Brentin Mock is a staff writer at CityLab. He was previously the justice editor at Grist.
The feds should reconsider locking up the New Orleans Bounce music queen over her misuse of the city's housing-subsidy program.
Big Freedia is “the queen diva” of New Orleans’ Bounce music scene, and has raised the profile of the genre over the past few years to mainstream status. (She most recently appeared on Beyonce’s controversial song “Formation.”) Her rise has been quick: After a few hit singles , including one with RuPaul, Freedia now has her own TV show and even a video game. But her fast climb to celebrity may have contributed to some bad judgement along the way—compounded by her home city’s broken housing and criminal justice systems.
Freedia pled guilty Wednesday to a federal felony charge of stealing government funds. She was charged on March 1 by Louisiana U.S. Attorney Kenneth Polite for fraudulently collecting thousands of dollars in housing vouchers, which are supposed to go to families that earn modest incomes.
Freedia said in a statement that she did once qualify for the vouchers, before she “quickly found [herself] in a new economic structure” when her career took off. The Advocate reports that Freedia, identified in legal documents by her legal name, Freddie Ross Jr., admitted during her arraignment that she unlawfully accepted roughly $35,000 in vouchers, which she has already made arrangements with the government to pay back. She could be sentenced to up to 10 years in prison for what she calls an “oversight” due to her poor understanding of and management of money.
This is not a case of flaunting the gaming of the public welfare system, per Ol’ Dirty Bastard back in the Wu-Tang Clan days. Freedia has expressed remorse for her misdeeds. As she explained in a statement to the press:
Housing vouchers are a vital lifeline for many people I know in New Orleans and around the country, including struggling artists. I truly believe there needs to be more programs for artists and musicians to teach basic financial literacy and planning. Coming from where I came from, I know that I could have used that kind of assistance. I’m exploring ways to be a part of the solution in this area and am looking forward to putting this matter behind me.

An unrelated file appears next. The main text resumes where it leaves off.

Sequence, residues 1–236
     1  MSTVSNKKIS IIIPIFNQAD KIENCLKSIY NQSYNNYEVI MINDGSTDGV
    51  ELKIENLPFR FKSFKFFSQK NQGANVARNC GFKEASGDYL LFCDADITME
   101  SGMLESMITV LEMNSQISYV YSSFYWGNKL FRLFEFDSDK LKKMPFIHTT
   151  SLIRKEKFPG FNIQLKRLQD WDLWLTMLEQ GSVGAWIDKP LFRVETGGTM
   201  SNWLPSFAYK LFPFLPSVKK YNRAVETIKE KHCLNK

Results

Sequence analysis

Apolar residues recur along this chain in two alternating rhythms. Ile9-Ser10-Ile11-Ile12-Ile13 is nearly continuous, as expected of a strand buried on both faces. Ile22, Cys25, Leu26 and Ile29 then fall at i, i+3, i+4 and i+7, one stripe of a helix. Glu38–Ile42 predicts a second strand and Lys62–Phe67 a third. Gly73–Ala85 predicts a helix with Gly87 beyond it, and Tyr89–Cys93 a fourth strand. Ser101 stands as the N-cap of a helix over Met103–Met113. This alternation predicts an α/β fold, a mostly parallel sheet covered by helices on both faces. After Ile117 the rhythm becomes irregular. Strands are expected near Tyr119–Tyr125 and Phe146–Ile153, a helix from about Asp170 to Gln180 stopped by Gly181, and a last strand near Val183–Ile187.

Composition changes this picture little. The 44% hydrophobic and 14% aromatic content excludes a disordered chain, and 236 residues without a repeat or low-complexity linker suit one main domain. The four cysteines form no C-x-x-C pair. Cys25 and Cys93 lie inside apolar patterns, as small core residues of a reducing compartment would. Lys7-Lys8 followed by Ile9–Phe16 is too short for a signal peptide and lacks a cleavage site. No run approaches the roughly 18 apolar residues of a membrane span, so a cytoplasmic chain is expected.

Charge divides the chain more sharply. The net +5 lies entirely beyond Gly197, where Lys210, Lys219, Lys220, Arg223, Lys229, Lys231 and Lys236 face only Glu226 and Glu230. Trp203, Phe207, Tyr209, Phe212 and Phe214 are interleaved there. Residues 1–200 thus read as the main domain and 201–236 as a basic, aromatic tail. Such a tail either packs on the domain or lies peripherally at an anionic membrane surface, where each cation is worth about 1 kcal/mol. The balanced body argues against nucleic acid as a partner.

Cashauna Hill, executive director of the Greater New Orleans Fair Housing Action Center, tells CityLab that she believes Freedia’s explanation is “fair.”
“The other context is we have to understand that housing vouchers are critical assistance and a vital lifeline for low-income people in New Orleans,” says Hill. “These artists and musicians are the culture-bearers for the city of New Orleans and for people who support the service-based economy. So, rather than criminalizing mistakes, [the local housing authority] could look at ways to support people receiving this critical assistance and make sure they have the tools that they need to make the program work for them.”
It would be unfortunate in a city and state both notorious for their over-incarceration of African Americans for a judge to send Freedia to jail for this. To be clear, this is a serious violation of housing laws, one that may have deprived others in desperate need of help with housing costs in a city with no shortage of families overburdened with living expenses.
But New Orleans has suffered through a number of scandals in recent years over its housing voucher program. In 2010, Dwayne Muhammad, the then-director of the Housing Authority of New Orleans’ housing voucher program, was sentenced to eight months in federal prison for illegally using vouchers for his own housing. His successor, Naomi Roberts, was fired just weeks later after it was discovered that she was also personally profiting off the program. And a 2010 report commissioned by the U.S. Department of Housing and Urban Development also excoriated the New Orleans housing authority for a number of other abuses of its voucher program.
So while what Freedia did was wrong, it must be recognized that New Orleans has been failing its residents through its flawed execution of the voucher program and rampant discrimination against tenants that use it.
Meanwhile, the judge and prosecutor in Freedia’s case would be wise not to perpetuate a cycle of dispensing prison terms in largesse, as Louisiana is unfortunately known for. Freedia’s guilty plea is reportedly part of a plea deal, but jail time has not been ruled out, and she has a sentencing date of June 16. Hopefully the U.S. Attorney will consider his case against former New Orleans police officer Tracie Medus, who was also convicted of theft of government funds last year. Medus defrauded the state’s Small Rental Property Program, created for those who lost homes in Katrina, of more than $150,000. She was given probation.
Big Freedia, meanwhile, is arguably New Orleans biggest recent cultural export and social influencer, next to the Grammy-winning Frank Ocean. Whatever message that imprisoning her would send to potential fraudsters would get drowned out by the louder message that not even one of New Orleans’ brightest stars was able to escape the cold clenches of Louisiana’s incarceration regime.
The Big Short this was not. As one of Freedia’s fans told NOLA.com after the arraignment Thursday, "If they did not put the people in Wall Street in prison for stealing billions of dollars, she shouldn't go to prison, either.”